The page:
Raspberry Pi Debug Clip

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0.02 Kg
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The Raspberry Pi debug clip makes using the serial terminal on the Raspberry Pi as easy as Pi!

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The Raspberry Pi debug clip is similar to the UART Debug cables providing the same serial terminal when used with Raspbian.

One of the biggest advantages of using this instead of a cable is that the wiring is already done for you providing less chance of causing any issues to your Raspberry Pi.

You are also able to then stack on-top other Raspberry Pi add-on's including HATs.  Simply push the debug clip onto your Raspberry Pi's GPIO pins and then push a HAT or another Add-on on-top.

Only requiring the first 26 pins the debug clip is compatible with all Raspberry Pi Models (excluding compute). It actually only then requires the two UART pins to be avaialble for use making it compatible with almost all add-ons including the TrafficHAT and Motor Controller Board.

The serial terminal provided is a full linux terminal allowing you to do tasks such as setting up a wi-fi connection, fixing code on a headless device or even program full programs.

The debug clip can either power your Raspberry Pi via the USB port on your computer or if you remove the jumper you can then power the Pi from another method such as an external power supply or batteries.

For instructions and guides visit out documentation wiki at http://wiki.ryanteck.uk/Category:RTK-000-006

USB Cable not included.


Raspberry Pi Debug Clip

Nice peice of kit. easy to build and works really well!


    Makes headless connection a breeze

    Absolutely love the Debug Clip! I bought the kit version (I really enjoy soldering) which took 10 minutes to solder everything onto the PCB and then it is just a case of pushing onto the GPIO header and connecting to the laptop via USB cable.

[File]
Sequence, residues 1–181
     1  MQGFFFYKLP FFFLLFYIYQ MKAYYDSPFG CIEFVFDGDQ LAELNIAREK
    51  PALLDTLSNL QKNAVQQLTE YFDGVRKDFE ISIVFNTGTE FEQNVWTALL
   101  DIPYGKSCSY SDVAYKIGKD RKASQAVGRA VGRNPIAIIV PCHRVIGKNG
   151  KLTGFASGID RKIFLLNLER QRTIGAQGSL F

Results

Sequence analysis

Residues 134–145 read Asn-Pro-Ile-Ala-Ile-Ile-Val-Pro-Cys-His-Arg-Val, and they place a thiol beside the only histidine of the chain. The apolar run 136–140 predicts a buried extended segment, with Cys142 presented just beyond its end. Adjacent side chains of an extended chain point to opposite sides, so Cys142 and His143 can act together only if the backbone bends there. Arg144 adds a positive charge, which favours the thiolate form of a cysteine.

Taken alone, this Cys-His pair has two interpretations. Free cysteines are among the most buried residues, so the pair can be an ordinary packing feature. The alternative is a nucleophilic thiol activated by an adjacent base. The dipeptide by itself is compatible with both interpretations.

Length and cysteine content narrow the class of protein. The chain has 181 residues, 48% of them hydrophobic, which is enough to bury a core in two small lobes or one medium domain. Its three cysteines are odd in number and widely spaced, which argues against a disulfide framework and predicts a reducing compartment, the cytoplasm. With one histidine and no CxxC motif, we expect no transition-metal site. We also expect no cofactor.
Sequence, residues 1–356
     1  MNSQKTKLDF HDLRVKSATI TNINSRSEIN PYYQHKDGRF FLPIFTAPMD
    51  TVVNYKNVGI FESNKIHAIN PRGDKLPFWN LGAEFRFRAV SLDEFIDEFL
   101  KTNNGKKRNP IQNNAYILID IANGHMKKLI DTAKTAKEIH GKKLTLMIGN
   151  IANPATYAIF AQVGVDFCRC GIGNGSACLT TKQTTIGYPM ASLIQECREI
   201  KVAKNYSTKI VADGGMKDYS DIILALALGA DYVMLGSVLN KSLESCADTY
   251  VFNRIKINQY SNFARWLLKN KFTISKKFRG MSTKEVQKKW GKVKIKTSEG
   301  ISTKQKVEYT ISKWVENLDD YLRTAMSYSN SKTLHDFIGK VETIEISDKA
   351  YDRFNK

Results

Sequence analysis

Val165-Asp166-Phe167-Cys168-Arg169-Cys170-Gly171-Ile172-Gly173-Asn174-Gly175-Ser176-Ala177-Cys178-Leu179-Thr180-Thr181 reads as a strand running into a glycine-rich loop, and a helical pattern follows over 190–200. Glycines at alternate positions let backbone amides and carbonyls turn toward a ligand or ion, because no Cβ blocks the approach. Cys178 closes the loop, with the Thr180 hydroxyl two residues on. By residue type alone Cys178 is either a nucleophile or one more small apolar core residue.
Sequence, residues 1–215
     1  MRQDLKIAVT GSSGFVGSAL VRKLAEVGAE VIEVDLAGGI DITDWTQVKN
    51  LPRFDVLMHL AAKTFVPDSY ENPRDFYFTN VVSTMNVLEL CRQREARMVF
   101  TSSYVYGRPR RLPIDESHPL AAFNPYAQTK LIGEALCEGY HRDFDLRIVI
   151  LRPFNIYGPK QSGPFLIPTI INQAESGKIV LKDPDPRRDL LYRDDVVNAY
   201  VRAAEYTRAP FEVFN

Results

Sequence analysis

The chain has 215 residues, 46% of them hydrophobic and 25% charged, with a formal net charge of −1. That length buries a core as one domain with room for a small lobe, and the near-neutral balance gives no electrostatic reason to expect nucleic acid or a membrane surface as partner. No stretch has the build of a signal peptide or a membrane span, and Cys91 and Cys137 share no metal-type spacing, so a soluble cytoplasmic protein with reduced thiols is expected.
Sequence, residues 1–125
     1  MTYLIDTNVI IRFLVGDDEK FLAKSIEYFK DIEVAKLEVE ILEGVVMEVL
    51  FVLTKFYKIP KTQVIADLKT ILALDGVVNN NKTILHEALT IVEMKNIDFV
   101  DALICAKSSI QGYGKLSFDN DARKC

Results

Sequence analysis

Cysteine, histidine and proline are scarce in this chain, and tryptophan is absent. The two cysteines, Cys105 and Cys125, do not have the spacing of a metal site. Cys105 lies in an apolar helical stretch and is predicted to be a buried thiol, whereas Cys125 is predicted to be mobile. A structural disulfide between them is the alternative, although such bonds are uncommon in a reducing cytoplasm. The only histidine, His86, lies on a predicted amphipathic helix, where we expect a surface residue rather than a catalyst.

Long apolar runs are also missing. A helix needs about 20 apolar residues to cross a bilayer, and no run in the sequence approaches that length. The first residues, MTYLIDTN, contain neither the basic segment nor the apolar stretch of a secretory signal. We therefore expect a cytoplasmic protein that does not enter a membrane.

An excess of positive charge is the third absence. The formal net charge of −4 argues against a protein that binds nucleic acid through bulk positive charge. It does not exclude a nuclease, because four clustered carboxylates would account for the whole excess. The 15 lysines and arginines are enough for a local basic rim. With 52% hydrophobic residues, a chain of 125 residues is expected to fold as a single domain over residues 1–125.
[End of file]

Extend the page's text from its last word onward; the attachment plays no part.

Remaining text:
It really is that simple. From there a simple Putty config over serial and you are into the Pi.



      Nice little lifesaver

      Great if you run lots of stuff headless and then start playing with network settings :-)

      For the RPi 3 - the clip does not work out of the box, apparently due to a conflict with Bluetooth. This can be fixed ... see the thread at: https://www.raspberrypi.org/forums/viewtopic.php?f=63&t=141401

      I chose the:
      1. add "dtoverlay=pi3-disable-bt" to /boot/config.txt
      2. systemctl disable hciuart
      3. reboot

      option and all worked fine after that.


        Does what it says, but read carefully

        This was easy to put together and works as described. However, I
        assumed that it could be used in the same way as the usb-to-gpio
        cables such as the one from Adafruit. These provide 4 leads for GPIO
        pins, one of which can optionally be used to proI had assumed that the
        debug clip would support the twvide power to the Pi, but drawn power
        for the serial interface from the USB regardless.

        In general, there are three modes of use for a serial-to-usb
        interface, each of which might make sense under some circumstances: 1)
        separate power supply to Pi which then powers the interface, 2)
        separate power to Pi but the interface powered off USB and 3) Pi and
        interface both powered by USB. The cables support 2 and 3, while the
        clip supports 1 and 3. The documentation doesn't imply otherwise, but
        it also doesn't make this clear.

        I had assumed that the board could replace the cables, which it can't